Machkevitch insists that much of the media criticism has been misplaced and unfair ('I am still struggling to master the English idiom, but there seldom has been an occasion when so many commentators got the wrong end of the stick,' he said, with apparent mastery of the English idiom). It's not true that he and his other two co-founders failed to comply with the UK Corporate Governance Code, he insists; in fact, the only reason they acted was because boardroom relations had broken down completely, and this was having an impact on the share price. The board of 14 had become 'unwieldy and dysfunctional,’ he said; ‘relations between different board factions progressively worsened, resulting in a breakdown in communications.'
As such, the three co-founders wanted ‘to create a smaller, more committed and cohesive board of directors exercising strong central control, with each member immersed in the affairs of the company to a greater extent than has been the case.' This is presumably a pop at outgoing directors Olisa and Sir Richard Sykes, who he said were in favour of shareholder elections being 'a mere rubber stamping of the resolutions put forward' by the directors; they were subsequently voted off by (a fairly conclusive) 84% of shareholder votes cast. In fact, says Machkevitch, their only regret was that 'out of a desire to reach agreement amicably, we did not act earlier'.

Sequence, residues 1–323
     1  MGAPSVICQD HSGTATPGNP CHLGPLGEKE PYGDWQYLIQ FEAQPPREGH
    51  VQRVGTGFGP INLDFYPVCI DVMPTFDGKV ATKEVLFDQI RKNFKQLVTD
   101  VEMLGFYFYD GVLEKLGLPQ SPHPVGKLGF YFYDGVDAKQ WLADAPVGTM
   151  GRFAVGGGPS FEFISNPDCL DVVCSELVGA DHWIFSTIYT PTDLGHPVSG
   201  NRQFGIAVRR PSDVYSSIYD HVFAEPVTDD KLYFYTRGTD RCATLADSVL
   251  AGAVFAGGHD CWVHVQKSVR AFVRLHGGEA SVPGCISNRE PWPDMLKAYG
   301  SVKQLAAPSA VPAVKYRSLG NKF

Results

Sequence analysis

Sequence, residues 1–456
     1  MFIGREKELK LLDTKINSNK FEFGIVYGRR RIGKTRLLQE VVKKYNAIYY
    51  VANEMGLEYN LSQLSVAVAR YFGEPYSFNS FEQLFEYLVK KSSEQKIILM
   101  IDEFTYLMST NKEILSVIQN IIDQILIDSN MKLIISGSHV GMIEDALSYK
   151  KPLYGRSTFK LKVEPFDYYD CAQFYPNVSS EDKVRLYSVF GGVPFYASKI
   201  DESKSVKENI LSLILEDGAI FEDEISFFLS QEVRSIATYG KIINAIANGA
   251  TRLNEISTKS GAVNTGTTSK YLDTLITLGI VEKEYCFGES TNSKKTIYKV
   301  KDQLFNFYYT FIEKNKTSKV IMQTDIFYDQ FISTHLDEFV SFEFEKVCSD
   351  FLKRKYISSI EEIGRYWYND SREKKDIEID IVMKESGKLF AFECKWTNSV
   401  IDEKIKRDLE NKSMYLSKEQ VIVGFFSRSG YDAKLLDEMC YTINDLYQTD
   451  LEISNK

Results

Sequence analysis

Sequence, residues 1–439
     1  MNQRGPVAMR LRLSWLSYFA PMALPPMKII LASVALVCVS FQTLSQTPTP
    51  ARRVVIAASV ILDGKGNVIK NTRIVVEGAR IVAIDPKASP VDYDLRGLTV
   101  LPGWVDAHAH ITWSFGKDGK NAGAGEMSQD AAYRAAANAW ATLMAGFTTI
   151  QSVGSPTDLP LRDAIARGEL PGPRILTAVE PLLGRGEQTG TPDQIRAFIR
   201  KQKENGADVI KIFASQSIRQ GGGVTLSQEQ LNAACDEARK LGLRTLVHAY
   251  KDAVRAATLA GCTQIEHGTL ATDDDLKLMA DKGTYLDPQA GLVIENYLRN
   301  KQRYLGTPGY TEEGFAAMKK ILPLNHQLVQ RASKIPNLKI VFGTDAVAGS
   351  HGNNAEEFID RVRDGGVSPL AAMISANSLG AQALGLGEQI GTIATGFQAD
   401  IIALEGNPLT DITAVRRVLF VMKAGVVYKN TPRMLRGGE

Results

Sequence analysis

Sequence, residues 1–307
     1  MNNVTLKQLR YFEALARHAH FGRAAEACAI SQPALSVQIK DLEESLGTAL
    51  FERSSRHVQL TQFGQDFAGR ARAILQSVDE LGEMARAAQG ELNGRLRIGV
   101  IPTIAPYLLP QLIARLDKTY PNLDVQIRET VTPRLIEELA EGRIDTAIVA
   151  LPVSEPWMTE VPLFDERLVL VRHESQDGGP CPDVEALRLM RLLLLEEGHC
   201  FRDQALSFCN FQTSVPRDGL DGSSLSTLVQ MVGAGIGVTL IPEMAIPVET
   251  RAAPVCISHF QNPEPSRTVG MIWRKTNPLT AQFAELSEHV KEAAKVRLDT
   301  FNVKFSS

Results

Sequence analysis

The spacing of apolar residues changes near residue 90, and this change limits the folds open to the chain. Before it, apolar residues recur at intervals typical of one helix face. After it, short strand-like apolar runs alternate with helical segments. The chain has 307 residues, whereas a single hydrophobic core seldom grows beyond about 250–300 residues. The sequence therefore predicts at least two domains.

There's clearly a degree of special pleading here: Machkevitch knows how much reputational damage has been done to ENRC - and its share price - by this sordid affair, and so it's no surprise that he's trying to paint himself and his co-founders as paragons of virtue and best practice. Equally, it's not hard to imagine that this situation was dealt with in a rather more forceful way than these matters are usually handled in the City.
On the other hand, he's got a point that directors ought to be answerable to shareholders; and that if shareholders think that a board isn’t doing a good enough job, they should be free to change it without being accused of sharp practice. Apparently this was the first time a FTSE director has been voted off the board at an AGM in ten years; since it seems unlikely that every single one has been consistently adding value for the last decade, we're not convinced this is necessarily a healthy state of affairs.